“When you point the camera to one side, you neglect the rest of the scene,” a protester once told me, adding: “People follow media outlets that confirm what’s already in their minds, not to get new information!” It was 2013, during the wave of uprisings and resulting crackdowns on Islamists across Egypt, and both media and confirmation bias were the charge. (Subjectivity reigned over objectivity.)
For this series, I pulled together images from my 2013-2014 archive: the army’s ouster of President Morsi in July; the pro-Morsi sit-in at Rabaa al-Adawiya Square that followed; the Rabaa massacre of at least 800 protesters on August 14; various protests and marches, plus the constitutional referendum, the presidential election, as well as the trials of Islamists; and the third anniversary of the 2011 revolution.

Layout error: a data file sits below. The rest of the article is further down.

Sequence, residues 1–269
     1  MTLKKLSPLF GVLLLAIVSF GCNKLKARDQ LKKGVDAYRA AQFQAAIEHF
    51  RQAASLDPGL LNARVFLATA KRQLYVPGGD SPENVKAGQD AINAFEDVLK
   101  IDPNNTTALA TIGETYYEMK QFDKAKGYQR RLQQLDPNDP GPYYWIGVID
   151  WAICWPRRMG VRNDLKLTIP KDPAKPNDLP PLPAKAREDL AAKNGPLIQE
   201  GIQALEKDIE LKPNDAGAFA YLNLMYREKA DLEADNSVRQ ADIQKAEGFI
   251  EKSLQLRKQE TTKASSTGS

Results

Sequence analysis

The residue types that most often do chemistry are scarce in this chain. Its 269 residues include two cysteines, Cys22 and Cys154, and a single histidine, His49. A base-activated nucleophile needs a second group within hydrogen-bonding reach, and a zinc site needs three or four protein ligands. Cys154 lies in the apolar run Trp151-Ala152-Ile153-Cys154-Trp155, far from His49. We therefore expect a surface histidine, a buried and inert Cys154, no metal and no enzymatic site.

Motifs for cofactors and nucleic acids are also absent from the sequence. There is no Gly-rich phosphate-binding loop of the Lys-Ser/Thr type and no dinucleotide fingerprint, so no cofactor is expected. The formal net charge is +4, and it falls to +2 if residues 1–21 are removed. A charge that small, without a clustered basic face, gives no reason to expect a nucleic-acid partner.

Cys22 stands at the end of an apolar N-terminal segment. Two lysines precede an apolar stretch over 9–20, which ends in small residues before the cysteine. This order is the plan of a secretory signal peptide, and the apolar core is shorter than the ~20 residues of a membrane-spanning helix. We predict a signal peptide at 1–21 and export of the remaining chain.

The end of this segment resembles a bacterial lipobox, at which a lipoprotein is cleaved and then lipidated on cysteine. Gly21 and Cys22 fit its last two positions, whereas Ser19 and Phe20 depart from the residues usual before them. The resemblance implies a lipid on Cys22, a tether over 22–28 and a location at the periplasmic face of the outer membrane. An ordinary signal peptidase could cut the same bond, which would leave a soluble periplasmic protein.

By layering three exposures into each picture, I attempted to thoughtfully address that protester’s urgent charge: thus, multiples scenes and sides are seen all at once. (Singularity eclipsed by complexity.) Moreover, the conceptual basis of the work illustrated my own personal reflection on the dilemma of depicting the Rabaa massacre without objectifying the victims. In other words, through this method, I rejected the usual one-sided depiction— that being, the unbearable concentration on just one face, body, or scene.